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The Health and Safety Authority offer employees and employers an extensive range of occupational health and safety legislations and also administer and enforce the associated codes of practice. The European Construction Industry Federation along with Irish acts produces the present legislative requirements for health and safety in Ireland
As the construction industry has one of the worst occupational safety and health records it is important to take on this topic and research it with a broad perspective in relating to legislations and the importance of safety in the construction industry.
This chapter opens in giving adequate information on where European based legislations came into play for us as it gives a background of te laws being introduced. Section two then looks into our national based legislations and what is required in our country today. Section three openly dives into the individuals tasks involved in keeping a project safe from the design stage through to the construction stage. Section four moves onto looking at safety plans and necessary safety cards, as Section five switches the attention onto the General Advertising laws. It gives some standard obligations which must be considered as the chapter then concludes with section six giving concluding remarks.
5.1 background to Health and Safety legislation internationally
The first European directives relating to health and safety in the workplace were decided on the foundation of the general market administration provisions. The reason this was is because there was an absence of a certain legislative capability in the agreement in the area of Health and Safety in the workplace until the mid-1980s. Up to then the occupational health and safety was looked at as an add-on to market agreements and the economic policies of the European Economic Community. (European Agency for Health & Safety at Work)
A gigantic step forward was the introduction of the Single European Act 1987 as it brought forward new legal provisions on social policy which aimed at improvement, particularly in the working sector, relating to the health and safety of employees. By adding this provision into the agreement, the position and value of safe working conditions was made clear. In addition, the development of social chapter approved the European Commission to endorse social cooperation between employers and labour representatives at a European level.
The European Framework Directive on Safety and Health at Work (Directive 89/391 EEC) was accepted in 1989 and was a considerable breakthrough in improving Health and Safety at in the workplace. It assures minimum Health and Safety necessities all over Europe while Member States are have permission to keep or develop more severe measures.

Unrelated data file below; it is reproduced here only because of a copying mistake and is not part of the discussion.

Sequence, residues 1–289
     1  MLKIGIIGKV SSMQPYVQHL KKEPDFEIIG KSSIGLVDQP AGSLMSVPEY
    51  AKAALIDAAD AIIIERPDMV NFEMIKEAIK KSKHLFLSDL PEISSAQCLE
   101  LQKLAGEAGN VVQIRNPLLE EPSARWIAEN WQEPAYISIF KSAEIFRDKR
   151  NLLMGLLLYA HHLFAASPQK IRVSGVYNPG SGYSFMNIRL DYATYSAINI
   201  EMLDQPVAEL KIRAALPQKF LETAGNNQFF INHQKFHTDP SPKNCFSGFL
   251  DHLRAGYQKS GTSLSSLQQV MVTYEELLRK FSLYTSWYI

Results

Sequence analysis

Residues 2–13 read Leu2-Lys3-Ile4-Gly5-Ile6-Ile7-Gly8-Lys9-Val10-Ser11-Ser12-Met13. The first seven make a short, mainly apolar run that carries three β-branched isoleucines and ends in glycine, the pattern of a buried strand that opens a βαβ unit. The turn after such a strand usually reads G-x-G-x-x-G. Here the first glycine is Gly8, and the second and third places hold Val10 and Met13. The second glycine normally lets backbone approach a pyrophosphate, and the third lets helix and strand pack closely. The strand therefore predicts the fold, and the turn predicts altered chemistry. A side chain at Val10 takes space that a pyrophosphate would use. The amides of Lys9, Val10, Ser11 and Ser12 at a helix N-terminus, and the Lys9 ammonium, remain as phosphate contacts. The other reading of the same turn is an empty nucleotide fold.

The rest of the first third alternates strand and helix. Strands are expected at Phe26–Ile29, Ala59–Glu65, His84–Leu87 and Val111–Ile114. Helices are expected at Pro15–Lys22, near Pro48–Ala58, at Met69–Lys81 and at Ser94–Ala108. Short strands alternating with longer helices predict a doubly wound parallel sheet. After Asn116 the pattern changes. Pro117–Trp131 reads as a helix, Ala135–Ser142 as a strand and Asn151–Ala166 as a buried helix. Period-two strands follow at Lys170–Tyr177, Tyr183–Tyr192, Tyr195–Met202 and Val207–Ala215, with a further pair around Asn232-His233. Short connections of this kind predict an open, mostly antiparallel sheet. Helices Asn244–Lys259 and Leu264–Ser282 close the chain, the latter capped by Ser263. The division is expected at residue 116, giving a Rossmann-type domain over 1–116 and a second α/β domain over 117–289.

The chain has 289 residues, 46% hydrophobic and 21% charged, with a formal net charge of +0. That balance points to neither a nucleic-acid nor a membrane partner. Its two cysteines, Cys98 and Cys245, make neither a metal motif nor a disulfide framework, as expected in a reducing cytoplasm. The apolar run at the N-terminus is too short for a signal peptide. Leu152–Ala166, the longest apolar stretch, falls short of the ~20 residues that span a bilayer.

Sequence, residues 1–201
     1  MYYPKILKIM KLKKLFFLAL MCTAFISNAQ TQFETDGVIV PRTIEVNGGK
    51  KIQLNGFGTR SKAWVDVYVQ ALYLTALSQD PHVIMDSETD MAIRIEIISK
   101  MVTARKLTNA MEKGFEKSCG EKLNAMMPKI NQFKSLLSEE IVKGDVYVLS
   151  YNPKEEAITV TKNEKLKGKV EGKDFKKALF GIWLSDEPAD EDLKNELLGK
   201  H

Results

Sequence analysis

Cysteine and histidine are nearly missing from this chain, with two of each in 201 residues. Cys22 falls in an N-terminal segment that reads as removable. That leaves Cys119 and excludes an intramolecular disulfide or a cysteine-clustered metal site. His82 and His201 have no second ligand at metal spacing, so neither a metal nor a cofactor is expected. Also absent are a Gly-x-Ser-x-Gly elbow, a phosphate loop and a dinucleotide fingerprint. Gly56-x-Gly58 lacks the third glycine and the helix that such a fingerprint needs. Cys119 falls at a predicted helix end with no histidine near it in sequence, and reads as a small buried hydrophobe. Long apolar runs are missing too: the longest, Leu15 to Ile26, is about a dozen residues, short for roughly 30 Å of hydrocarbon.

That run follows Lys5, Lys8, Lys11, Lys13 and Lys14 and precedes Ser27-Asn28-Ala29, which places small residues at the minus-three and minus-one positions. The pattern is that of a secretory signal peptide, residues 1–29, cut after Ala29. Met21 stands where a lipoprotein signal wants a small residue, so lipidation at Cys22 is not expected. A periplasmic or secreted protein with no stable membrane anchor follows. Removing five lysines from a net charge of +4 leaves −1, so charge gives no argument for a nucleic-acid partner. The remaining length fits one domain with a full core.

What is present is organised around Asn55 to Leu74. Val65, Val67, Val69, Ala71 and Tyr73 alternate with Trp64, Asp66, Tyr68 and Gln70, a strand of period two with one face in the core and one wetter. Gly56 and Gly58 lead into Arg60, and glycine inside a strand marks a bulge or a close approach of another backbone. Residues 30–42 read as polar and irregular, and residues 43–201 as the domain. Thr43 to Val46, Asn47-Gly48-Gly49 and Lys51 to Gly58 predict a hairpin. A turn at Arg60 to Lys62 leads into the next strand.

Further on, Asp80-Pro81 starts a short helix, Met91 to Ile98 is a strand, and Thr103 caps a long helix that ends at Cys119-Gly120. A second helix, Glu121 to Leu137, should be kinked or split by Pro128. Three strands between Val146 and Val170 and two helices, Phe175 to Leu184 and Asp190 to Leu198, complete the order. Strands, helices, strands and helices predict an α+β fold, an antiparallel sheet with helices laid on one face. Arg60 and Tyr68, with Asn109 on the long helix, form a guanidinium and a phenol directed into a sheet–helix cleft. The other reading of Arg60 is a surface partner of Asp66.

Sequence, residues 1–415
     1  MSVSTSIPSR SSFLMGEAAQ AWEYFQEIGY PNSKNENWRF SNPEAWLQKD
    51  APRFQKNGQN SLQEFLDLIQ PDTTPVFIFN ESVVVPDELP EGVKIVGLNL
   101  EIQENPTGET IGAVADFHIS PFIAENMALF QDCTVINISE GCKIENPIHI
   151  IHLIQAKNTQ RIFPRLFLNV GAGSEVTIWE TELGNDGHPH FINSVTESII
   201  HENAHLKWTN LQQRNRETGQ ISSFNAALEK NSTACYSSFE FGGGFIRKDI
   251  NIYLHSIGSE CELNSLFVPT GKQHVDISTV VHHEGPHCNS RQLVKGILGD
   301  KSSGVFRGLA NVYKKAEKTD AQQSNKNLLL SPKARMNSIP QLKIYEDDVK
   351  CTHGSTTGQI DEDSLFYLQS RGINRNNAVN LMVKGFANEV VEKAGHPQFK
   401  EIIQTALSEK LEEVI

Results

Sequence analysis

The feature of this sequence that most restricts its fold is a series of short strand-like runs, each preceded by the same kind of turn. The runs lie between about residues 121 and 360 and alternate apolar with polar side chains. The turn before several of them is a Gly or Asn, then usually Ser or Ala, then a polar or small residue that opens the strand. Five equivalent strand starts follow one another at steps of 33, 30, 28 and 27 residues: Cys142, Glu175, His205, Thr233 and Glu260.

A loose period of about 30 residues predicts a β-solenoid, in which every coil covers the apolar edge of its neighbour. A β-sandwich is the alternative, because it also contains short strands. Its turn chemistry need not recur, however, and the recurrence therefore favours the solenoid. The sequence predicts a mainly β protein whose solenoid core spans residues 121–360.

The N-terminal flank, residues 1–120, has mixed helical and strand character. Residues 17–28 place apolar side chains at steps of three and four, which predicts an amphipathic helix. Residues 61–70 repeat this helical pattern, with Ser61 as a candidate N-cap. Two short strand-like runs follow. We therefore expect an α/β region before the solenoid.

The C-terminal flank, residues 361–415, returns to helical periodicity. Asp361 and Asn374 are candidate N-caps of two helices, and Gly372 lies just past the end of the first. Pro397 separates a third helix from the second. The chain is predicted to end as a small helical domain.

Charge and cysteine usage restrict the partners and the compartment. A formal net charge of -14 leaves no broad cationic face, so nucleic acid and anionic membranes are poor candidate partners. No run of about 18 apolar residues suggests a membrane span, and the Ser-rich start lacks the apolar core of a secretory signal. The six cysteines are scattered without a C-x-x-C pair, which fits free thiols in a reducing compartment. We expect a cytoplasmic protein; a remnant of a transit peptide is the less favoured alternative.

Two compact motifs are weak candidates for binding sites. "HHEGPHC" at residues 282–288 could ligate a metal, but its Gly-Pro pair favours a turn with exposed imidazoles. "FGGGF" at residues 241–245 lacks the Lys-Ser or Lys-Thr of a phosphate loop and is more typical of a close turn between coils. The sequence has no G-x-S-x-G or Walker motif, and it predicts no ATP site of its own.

Directive 89/391 - OSH "Framework DirectiveÂ ". An introduction of procedures was brought about on the 12th June 1989 to reassure improvements in the health and safety of workers in their workplace - "Framework Directive". In 1989 certain requirements of the Framework Directive brought about substantial innovation which included some of the following:
(European Agency for Health & Safety at Work)
The Directive aims to establish an equal level of safety and health for the benefit of all workers (the only exceptions are domestic workers and certain public and military services).
The Directive obliges employers to take appropriate preventive measures to make work safer and healthier.
Table 5.1.1 Salient Requirements from Directive 89/391 (European Agency for Health & Safety at Work)
5.2 National Health and Safety Legislation
Health and Safety in the construction work is governed mainly by the Safety, Health and Welfare at Work Regulations, 2005. It should also be noted that construction is also subject to the requirements of the Safety, Health and Welfare at Work Act, 1995 and the Safety, Health and Welfare at Work (Genera Application) Regulations, 1993 as well as other acts such as Noise Regulations, Asbestos Regulations and Chemical Agents Regulation.
When relating to construction health and safety, which is carried out in section 19 of the Safety statement, all employers are obliged to identify hazards in their workplace under which is under his/her control. They are required to assess the risks which are present and caused by those hazards and must have possession of a printed assessment (which is known and referred to the Act as a "risk assessment") of the risks to the safety, health and welfare at work of their employees which includes the safety, health and welfare of any individual worker or group of workers who may be subjected to anything out of the ordinary.